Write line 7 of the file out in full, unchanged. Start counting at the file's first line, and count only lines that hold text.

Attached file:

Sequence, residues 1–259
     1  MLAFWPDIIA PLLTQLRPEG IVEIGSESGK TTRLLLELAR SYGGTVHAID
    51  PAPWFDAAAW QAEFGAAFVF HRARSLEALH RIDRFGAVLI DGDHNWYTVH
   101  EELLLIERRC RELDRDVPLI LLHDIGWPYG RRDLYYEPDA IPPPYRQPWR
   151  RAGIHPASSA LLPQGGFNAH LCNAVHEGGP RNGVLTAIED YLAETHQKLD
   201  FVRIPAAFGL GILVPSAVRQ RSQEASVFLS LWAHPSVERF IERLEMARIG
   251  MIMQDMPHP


   251  MIMQDMPHP